Now, chapter two of the conversion to hydro power is unfolding. Recent feasibility studies on nearby Waterfall Creek have indicated the potential to contribute another 1.4 million kWh annually to King Cove's electrical grid. Waterfall Creek is geographically close to Delta Creek, which means existing infrastructure will work for both sites.  With the addition of Waterfall Creek, up to 80% of King Cove's electrical generation will come from renewable energy. 

In addition, the city's new diesel power plant, which came on-line in 2008, has the benefit of creating waste heat that can be piped to other buildings for reuse.  King Cove's new school, sited next to the new power plant and owned by the Aleutians East Borough ("AEB"), is the beneficiary of that waste heat.  Last year, this waste heat displaced over 19,000 gallons of diesel fuel.  This saved AEB more than $60,000, in addition to reducing the community's carbon emissions.

But there is one goal that King Cove wants which will greatly improve the quality of life for its residents. That goal is access to the all-weather airport in Cold Bay. For more than 25 years now, the community has been aggressively pursuing this road link.  Now, with tremendous support from the State of Alaska and our Alaska Washington, D.C. delegation, an unprecedented land exchange with the federal government, has been proposed.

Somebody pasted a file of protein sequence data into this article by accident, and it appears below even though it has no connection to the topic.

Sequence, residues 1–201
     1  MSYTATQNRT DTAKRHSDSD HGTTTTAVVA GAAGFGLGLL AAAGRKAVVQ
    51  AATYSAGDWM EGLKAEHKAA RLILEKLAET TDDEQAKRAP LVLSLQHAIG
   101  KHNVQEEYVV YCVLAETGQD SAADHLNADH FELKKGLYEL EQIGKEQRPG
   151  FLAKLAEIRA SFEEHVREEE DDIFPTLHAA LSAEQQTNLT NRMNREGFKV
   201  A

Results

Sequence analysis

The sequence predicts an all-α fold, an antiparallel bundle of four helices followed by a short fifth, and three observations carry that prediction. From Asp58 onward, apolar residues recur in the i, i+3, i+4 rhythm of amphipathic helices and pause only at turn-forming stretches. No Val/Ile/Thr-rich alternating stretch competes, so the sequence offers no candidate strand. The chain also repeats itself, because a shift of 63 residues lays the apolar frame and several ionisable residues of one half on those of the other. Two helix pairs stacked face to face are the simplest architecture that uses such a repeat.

However, the Izembek National Wildlife Refuge is located in King Cove's backyard.  No one told the residents of King Cove decades ago that, with the designation as "wilderness" of 303,000 acres in the refuge, their only option for a road would require an act of Congress.  With an arrogance that is all too-familiar to indigenous populations, a federal lock-up of ancestral lands was enacted without a single consultation with, or notice to, the people whose lives and liberties would be most affected.  

Now, with passage in 2009 of the Omnibus Public Lands Management Act, a provision was included allowing for a road, but with conditions:  it must have an environmental impact review process AND the Secretary of the Interior must declare the project to be in the public interest.  King Cove plans to cooperate fully in the EIS. With fingers crossed and hopes high, the community awaits the outcome of this process. We are optimistic this modest road connection will be approved, and predictable and safe access to the Cold Bay airport will become a reality for our residents.